It is November, and the year is drawing to a close. As I write this column, the election has just concluded and the holidays are fast approaching. Holiday music is already playing in malls and restaurants, and it is easy to get caught up in the festivities and year-end billable hour targets and lose sight of the world around us. I ask you all to make an extra effort this year to reach out to the community. Volunteer. Donate. Engage. Much of the country has been caught up in polling and punditry, and there is no denying the importance of elections. Marjorie Moore, Habitat for Humanity volunteer, said, however, that “Volunteering is the ultimate exercise in democracy. You vote in elections once a year, but when you volunteer, you vote every day about the kind of community you want to live in.”
This year, I have focused on community service as my President’s Project, asking our members to be lawyers in the community and the courtroom. On October 17, twenty members of the SCCBA joined me in volunteering at the Second Harvest Food Bank for the SCCBA’s first community service project. Second Harvest Food Bank serves, on average, almost a quarter of a million people every month, or one in ten of our neighbors here in Santa Clara County. In our two hours of service, we boxed and sorted ten tons of apples and four tons of tomatoes for distribution. The attendees had a great time, and left with raised spirits.
I hope that the SCCBA continues to plan and promote community service events, but please don’t wait for the next event. Get out there and be engaged in our community. It can be hard to find the time outside of our work and family commitments, but the effort is worth it. I left Second Harvest tired but hopeful. There were about 75 people there from other organizations that evening, and we all missed the Giants playoff game that night to make sure that people in our county would have food on their table that week. The Giants won, and so did we. The feeling you get when you give your time to others can’t be beat.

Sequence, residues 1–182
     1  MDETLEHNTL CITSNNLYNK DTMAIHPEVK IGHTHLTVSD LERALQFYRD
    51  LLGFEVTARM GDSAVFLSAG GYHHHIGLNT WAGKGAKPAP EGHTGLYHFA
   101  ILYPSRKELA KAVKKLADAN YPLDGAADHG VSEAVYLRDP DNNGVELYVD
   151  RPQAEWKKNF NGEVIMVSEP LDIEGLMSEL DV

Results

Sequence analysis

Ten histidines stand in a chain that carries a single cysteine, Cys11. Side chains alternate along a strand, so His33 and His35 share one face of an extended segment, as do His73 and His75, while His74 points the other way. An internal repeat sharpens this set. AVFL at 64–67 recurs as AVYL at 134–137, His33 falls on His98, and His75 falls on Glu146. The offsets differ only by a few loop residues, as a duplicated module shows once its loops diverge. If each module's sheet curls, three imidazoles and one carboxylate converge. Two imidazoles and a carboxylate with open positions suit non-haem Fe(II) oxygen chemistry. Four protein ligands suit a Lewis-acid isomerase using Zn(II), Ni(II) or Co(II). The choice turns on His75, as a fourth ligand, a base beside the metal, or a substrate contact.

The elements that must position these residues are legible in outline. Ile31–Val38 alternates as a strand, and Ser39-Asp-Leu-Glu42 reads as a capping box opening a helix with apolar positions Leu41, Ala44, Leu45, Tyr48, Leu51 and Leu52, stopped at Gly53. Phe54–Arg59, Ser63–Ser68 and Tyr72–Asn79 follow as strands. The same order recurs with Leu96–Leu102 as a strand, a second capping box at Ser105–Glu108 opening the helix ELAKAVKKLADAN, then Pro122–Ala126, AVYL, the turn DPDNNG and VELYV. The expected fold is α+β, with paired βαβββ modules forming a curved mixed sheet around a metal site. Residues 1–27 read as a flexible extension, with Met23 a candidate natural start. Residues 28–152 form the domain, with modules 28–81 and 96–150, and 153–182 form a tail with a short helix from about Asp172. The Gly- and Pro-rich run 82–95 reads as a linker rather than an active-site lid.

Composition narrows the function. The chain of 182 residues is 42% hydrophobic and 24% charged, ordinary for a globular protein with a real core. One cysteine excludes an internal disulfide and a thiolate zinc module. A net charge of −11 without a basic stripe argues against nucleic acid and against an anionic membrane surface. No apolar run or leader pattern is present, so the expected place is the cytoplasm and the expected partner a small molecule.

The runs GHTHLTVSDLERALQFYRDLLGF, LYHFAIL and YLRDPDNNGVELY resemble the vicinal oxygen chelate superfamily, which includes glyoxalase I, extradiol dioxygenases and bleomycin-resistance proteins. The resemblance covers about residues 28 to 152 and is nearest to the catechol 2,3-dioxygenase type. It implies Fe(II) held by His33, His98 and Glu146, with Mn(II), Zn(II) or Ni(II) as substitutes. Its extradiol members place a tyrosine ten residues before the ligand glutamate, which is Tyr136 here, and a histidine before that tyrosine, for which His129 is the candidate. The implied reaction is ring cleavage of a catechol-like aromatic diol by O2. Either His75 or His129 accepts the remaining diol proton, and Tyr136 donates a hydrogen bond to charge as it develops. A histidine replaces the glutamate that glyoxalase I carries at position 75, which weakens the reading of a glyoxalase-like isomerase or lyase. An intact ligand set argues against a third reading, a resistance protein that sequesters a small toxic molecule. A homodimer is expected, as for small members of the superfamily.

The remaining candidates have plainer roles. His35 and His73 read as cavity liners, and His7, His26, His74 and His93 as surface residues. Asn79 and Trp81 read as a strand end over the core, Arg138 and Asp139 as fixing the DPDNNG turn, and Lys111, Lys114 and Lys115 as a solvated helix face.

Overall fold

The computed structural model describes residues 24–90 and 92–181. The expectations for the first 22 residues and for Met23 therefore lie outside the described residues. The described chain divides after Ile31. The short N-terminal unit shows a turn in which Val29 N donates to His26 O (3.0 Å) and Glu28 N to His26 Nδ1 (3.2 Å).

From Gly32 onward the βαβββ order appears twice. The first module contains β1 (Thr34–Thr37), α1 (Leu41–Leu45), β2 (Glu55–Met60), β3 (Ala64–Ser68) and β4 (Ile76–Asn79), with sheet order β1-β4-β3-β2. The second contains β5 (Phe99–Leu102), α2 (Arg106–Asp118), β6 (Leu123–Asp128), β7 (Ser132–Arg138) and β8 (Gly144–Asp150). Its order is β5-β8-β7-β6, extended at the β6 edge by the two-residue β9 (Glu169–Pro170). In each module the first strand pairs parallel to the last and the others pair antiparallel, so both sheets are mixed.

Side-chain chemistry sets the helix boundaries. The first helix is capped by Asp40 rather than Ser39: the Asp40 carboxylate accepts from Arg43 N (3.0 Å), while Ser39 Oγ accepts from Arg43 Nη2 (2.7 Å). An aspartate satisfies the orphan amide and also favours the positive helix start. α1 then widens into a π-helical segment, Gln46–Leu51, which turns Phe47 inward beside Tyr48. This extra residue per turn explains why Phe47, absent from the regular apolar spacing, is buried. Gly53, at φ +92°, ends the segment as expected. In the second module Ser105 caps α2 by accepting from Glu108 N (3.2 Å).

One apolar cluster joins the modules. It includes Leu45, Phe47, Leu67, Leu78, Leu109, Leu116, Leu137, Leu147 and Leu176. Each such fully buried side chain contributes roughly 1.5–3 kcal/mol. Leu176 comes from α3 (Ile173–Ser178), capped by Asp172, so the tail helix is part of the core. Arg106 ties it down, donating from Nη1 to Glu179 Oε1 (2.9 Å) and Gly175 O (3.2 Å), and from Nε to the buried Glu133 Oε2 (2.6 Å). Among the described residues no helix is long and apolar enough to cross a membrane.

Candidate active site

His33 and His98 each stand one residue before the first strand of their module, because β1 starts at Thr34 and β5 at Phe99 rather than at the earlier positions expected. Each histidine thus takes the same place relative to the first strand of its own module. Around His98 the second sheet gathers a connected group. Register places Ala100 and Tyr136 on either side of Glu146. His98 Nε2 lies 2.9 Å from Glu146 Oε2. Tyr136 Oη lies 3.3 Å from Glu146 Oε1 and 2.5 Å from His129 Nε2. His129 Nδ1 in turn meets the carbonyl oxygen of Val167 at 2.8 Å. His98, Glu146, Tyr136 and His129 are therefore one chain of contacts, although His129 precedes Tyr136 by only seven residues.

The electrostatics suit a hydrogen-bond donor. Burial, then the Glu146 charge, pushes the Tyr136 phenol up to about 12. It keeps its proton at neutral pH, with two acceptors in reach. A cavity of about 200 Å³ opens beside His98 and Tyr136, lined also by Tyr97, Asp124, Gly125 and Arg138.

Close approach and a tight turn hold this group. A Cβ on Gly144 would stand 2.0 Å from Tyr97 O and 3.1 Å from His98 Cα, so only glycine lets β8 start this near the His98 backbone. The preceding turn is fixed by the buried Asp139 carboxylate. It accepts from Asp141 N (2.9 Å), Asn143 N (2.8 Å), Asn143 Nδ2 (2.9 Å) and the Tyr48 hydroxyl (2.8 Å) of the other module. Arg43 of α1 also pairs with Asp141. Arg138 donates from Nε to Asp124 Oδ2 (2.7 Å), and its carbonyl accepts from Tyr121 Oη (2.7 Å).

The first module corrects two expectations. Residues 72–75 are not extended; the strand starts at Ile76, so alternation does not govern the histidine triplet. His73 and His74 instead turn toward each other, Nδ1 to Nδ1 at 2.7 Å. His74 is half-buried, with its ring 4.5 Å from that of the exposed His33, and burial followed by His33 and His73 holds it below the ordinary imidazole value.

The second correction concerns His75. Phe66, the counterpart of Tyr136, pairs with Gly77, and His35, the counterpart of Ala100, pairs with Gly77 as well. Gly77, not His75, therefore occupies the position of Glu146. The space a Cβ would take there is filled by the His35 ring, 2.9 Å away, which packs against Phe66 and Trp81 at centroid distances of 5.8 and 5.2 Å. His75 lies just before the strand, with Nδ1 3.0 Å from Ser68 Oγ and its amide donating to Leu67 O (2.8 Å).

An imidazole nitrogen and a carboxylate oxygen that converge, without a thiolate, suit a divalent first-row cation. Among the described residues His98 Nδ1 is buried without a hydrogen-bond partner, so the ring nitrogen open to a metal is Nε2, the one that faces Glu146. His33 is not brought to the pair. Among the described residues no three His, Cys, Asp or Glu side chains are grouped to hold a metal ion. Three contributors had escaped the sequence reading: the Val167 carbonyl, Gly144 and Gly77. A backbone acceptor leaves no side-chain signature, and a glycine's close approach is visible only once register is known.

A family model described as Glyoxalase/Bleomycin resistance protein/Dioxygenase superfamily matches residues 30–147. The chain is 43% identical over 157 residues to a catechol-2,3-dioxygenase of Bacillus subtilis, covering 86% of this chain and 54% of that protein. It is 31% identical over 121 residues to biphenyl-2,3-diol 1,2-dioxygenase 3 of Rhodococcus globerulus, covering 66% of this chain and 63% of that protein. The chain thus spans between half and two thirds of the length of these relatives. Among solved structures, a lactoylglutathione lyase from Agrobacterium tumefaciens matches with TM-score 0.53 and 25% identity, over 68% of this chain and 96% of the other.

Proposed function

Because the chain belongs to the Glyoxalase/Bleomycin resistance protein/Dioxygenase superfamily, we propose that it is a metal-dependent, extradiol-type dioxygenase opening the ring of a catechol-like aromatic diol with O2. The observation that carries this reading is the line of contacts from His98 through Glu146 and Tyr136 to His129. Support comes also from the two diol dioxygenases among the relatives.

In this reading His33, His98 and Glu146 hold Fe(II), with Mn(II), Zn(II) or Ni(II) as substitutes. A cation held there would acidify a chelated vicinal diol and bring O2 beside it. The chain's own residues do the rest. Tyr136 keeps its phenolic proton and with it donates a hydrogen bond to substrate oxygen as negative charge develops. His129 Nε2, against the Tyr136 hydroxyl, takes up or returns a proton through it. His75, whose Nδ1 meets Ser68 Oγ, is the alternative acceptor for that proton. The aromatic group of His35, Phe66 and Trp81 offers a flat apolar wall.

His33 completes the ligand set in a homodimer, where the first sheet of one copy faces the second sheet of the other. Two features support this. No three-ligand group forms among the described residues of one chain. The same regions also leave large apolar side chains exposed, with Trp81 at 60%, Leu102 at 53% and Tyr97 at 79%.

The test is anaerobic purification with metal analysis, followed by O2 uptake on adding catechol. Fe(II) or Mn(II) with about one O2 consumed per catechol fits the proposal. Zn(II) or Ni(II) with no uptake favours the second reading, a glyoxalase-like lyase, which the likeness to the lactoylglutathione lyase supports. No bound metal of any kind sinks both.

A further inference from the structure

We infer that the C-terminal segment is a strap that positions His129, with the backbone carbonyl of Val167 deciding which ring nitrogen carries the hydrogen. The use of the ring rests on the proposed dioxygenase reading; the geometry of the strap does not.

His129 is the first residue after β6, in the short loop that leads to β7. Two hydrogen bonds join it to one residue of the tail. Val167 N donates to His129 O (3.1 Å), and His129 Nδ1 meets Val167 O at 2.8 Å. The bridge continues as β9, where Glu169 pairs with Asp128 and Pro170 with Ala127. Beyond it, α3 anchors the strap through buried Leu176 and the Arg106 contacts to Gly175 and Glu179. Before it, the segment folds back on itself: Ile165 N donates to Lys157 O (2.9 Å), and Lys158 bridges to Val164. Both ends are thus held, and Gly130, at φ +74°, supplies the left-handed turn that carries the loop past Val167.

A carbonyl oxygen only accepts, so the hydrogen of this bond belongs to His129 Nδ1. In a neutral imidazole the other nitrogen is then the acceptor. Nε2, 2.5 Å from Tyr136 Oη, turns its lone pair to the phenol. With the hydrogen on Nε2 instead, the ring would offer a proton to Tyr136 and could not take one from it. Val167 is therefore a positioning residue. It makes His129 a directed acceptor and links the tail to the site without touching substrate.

Our county has many nonprofits that could use your assistance. Volunteer teaching adults how to read; serve on a board; take tickets for a local arts performance; teach music at schools without a music program; become a docent at one of the many museums—the possibilities are endless! If you don’t have the time for an ongoing commitment, many opportunities take only a few hours, such as food banks, helping build houses or volunteering at local libraries. If you would like to do pro bono work, check outprobonomatch.org for current opportunities. And if you don’t have even a few hours, donate to a local or national nonprofit, participate in a canned food drive, or donate coats, suits, or other clothes to a nonprofit. You can even bring your unopened, unused sample cosmetics, combs, mirrors and toiletries to the SCCBA Women Lawyers Holiday Lunch on December 13 for donation to a local women’s shelter.
As you all know, parts of the East Coast have been devastated by fire, wind and waves, and thousands of people are still without power with winter storms fast approaching. Yet even in the midst of the devastation, there are heartwarming stories of people lending a hand. If you would like to help those affected by Hurricane Sandy, you can donate to the Red Cross, Salvation Army, Humane Society,AmeriCares, or numerous other nonprofits providing shelter, food, medicine and emergency assistance to those affected by the storm.
In January, I asked you to serve our community, because “the joys of giving should not be restricted to the holiday season.” Ready or not, the holiday season is now upon us, so if you haven’t engaged with the community around you, please make the time. In closing, I would like to share two quotes I hope you will take to heart. Please join with me in working to build and invigorate our shared community. Together, we can improve others’ lives and enrich our own.
“We make a living by what we get, but we make a life by what we give.” Winston Churchill
“Unless someone like you cares a whole awful lot, nothing is going to get better. It’s not.” Dr. Seuss